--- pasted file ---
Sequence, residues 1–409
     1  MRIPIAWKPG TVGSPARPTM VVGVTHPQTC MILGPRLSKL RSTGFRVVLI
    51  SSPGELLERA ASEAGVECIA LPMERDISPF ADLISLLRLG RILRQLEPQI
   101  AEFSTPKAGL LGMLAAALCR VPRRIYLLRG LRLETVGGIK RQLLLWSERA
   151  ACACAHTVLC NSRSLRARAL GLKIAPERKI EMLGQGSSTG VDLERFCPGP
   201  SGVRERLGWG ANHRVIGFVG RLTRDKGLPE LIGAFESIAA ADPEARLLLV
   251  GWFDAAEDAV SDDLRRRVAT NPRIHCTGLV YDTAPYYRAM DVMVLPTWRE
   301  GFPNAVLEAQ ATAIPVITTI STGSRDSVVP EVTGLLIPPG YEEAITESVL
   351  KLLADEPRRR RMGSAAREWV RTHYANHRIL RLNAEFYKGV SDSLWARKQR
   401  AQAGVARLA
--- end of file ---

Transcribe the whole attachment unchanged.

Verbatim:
Sequence, residues 1–409
     1  MRIPIAWKPG TVGSPARPTM VVGVTHPQTC MILGPRLSKL RSTGFRVVLI
    51  SSPGELLERA ASEAGVECIA LPMERDISPF ADLISLLRLG RILRQLEPQI
   101  AEFSTPKAGL LGMLAAALCR VPRRIYLLRG LRLETVGGIK RQLLLWSERA
   151  ACACAHTVLC NSRSLRARAL GLKIAPERKI EMLGQGSSTG VDLERFCPGP
   201  SGVRERLGWG ANHRVIGFVG RLTRDKGLPE LIGAFESIAA ADPEARLLLV
   251  GWFDAAEDAV SDDLRRRVAT NPRIHCTGLV YDTAPYYRAM DVMVLPTWRE
   301  GFPNAVLEAQ ATAIPVITTI STGSRDSVVP EVTGLLIPPG YEEAITESVL
   351  KLLADEPRRR RMGSAAREWV RTHYANHRIL RLNAEFYKGV SDSLWARKQR
   401  AQAGVARLA